Reducing the thermal conductivity is also an important part of improving the thermoelectric properties of materials. The electronic thermal conductivity mainly depends on the manipulation on the electrical properties mentioned above, which is strongly related to electrical conductivity and Lorenz factor according the Wiedemann-Franz law [75]. While the lattice thermal conductivity is relatively independent from the electrical properties, it has a strong reliance on the phonon transport process. In bulk materials, the lattice thermal conductivity is described as [76] where is the spectral heat capacity, is the group velocity, and is the phonon relaxation time. Because the high thermoelectric performance needs the thermal conductivity as low as possible, should be reduced into the minimum. Materials with high lattice anharmonicity, which intensifies the Umklapp phonon–phonon scattering and is closely related to intrinsic chemical bonding, and crystal structure, has been shown to obtain short intrinsic phonon relaxation time in PbTe and SnSe, which pushes us to search for new material systems with high lattice anharmonicity [9, 10]. While for a given material system, is strongly related with the defects in the materials which intensifies the phonon scattering process, and point defects, linear defects, planar defects and bulk defects are all enabled to scatter phonons. The scattering probability which originated from each type of scattering source is related to the defect concentration and has its own frequency () dependence [77]. Here, we mainly discuss how point defects influence the ; the effects of other types of defects will be discussed in the next parts. Point defects effectively scatter phonons with high frequency in a relaxation time of [77, 78]. According to Klemens’ [79] and Callaway’s [80, 81] theory, the introduction of point defects can cause mass contrast effect and strain field fluctuation effect, both of which devote to the reduction in . In order to assess the degree of the reduction in due to the two effects, Abeles put forward the scattering parameter () which can be given as follows [82]: where is the doping concentration, is a phenomenological and adjustable parameter, and and are the rates of change between the defect and host atom of atomic weight and radius, respectively. From Equation (14), we can find that by means of inducing point defects, high concentration of point defects, high difference in atom mass, and high lattice distortion will lead to low . In this case, as for the same point defect concentration, vacancy and interstitial atoms can be inferred to have a remarkable ability to reduce , because they have the maximal and , which means vacancy and interstitial can introduce the most effective mass fluctuation and strain fluctuation effect. The strategy to reduce via inducing vacancy and interstitial has been widely used in various material system such as BiCuSeO [83, 84], Bi2O2Se [85], SnTe [70], CuGaTe2 [86], and CoSb3 [8791]. Li et al. intentionally induced dual cation vacancy in BiCuSeO, and found that the of samples with single cation vacancy is lower than the pristine sample, and the of the samples with both Bi3+ vacancy and Cu+ vacancy is lower than the former [84]. In SnTe-based materials, for the small atomic radius of Cu, SnTe alloyed with Cu2Te can produce half of Cu substitution and half of Cu interstitial, which realizes the record lowest and partially proves the virtue of interstitial atoms [70]. Besides, in filled skutterudite systems, the filler atoms can also be regarded as a kind of interstitial atoms, and various kinds of elements such as rare earths [87, 88], alkalines [89], and alkaline earths [90] have been applied to fill the huge lattice cages, achieving a large reduction in . Particularly, multiple filling atoms can further reduce the in compared with single filling. The results can be explained that different kinds of filling atoms have distinct resonant frequency, and the alliance of them induces multiple mode of vibration achieving the wide spectrum phonon scattering [91]. It is worth noting that the mass contrast and strain field fluctuation model may not work when the phonon spectrum is changed a lot when the scattering effect inducing from defects cannot just be handled as a perturbation.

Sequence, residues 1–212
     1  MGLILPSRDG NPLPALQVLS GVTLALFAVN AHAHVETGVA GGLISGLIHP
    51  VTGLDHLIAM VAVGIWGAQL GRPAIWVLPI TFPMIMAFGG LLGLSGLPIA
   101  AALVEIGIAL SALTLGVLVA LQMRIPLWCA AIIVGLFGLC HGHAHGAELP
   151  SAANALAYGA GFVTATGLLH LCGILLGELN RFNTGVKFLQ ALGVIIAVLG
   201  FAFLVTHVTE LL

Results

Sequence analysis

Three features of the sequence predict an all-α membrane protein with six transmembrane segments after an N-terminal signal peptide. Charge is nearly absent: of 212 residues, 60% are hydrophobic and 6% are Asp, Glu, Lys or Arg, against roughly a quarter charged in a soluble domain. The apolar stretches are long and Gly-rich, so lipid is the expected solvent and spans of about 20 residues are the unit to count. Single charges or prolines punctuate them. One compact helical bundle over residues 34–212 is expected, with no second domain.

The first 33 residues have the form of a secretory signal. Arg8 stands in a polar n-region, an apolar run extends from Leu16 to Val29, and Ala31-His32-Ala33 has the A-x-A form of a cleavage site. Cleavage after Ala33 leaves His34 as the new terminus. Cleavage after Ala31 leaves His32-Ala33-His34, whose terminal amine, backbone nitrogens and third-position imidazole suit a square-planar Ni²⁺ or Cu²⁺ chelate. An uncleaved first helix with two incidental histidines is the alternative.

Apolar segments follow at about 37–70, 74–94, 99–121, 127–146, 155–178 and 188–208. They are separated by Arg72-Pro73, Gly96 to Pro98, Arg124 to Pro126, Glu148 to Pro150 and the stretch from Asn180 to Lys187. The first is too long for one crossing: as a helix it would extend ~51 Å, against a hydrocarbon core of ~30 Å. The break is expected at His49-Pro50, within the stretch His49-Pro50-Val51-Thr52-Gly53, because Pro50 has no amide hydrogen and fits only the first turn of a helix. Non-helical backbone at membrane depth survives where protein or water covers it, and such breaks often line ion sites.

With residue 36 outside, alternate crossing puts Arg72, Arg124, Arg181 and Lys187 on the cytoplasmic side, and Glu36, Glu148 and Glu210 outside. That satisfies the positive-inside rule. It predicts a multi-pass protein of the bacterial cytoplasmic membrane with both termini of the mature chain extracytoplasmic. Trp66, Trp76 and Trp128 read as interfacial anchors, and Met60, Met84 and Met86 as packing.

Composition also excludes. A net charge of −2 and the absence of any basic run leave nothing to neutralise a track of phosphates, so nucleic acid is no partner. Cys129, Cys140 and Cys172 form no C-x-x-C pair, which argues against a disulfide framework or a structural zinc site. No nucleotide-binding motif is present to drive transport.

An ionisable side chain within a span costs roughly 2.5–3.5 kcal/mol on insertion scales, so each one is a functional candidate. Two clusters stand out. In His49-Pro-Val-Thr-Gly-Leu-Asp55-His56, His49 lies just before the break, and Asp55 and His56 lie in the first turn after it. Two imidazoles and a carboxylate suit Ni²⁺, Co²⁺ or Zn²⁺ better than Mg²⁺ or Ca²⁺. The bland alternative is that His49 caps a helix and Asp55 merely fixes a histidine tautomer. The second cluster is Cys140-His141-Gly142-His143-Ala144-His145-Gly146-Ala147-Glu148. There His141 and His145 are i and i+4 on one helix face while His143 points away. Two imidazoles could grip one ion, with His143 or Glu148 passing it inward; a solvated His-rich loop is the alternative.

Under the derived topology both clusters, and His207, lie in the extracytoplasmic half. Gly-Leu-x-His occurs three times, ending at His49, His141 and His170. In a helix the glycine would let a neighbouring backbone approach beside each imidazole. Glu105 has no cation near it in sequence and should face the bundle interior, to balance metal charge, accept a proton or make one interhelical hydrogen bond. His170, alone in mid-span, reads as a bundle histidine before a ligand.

Although the introduction of a certain type of point defect will affect the electrical and thermal transport parameters of the material at the same time, the introduction of a single type of point defect generally cannot improve the thermoelectric performance to the most optimized value, thereby researchers often introduce multiple point defects to synergistically optimize the thermoelectric properties of materials. For instance, Li et al. simultaneously induced Cu interstitial and Mn substitution in Sn0.86Mn0.14Te(Cu2Te), in which Cu interstitial mainly reduce the lattice thermal conductivity and Mn substitution realizing the band convergence optimizing the electrical properties, contributing to a record value of 1.6 [70]. Yu et al. induced Zr and Sb codoping in Hf1-ZrNiSn1-Sb half-Heusler alloys, in which Sn substitution optimizes the carrier concentration enhancing the power factor and Zr substitution reduces the lattice thermal conductivity, and the is optimized up to 1.0 [92]. Zhang et al. dissolved Sb2Te3 in GeTe, synchronously inducing Sb substitution and Ge vacancies for each substitution of 3 Ge2+ by only 2 Sb2+ creating 1 Ge vacancy, which optimizes the hole concentration and reduces the , realizing a significantly improved value compared with pristine GeTe [93]. With the growing complexity of point defect types, it has become more and more important to characterize whether the defects conceived by researchers really exist in the system, which can help us to draw a clearer conclusion. Positron annihilation spectrometry (PAS) has sensitivity with ppm level to detect defects with negative charge in bulk materials, which has been employed in recent research [84, 9496]. Figure 4(a) shows the positron lifetime spectrum of Bi1-Cu1-SeO samples with artificially introduced VBi and VCu [84]. By means of decoding the spectrum, the researchers can obtain the derived lifetime parameters of the samples. Furthermore, by matching the derived lifetime parameters to the theoretically calculated lifetime parameters of a certain defect in the system, the researchers can identify the main types of defects in the material. The in Bi0.975Cu0.975SeO can be ascribed to bulk lifetime, large size defects, interface, VBi, and VCu, which provides the evidence for the existence of different kinds of defects [84]. In addition, the rapid development of electron microscope technology also facilitates a direct observation of various point defects. Figure 4(b) shows the STM image of Sb2Te3, from which we can clearly observe various point defects including vacancies and antisite defects [52]. The determination of antisite defects also helps us to analyze and design thermoelectric materials. In Bi2Te3-Se system, if we judge the influence of Se alloying only according to isoelectronic trap principle while without the analysis of antisite defects, the Se alloying would be p-type doping for the stronger ability to attract electrons of Se atoms, which violates the n-type experimental fact as aforementioned. The determination of antisite defects in Bi2Te3 based materials explains the abnormal sense and helps us to better design the Bi2Te3-based materials when optimizing carrier concentration and attempting other doping elements.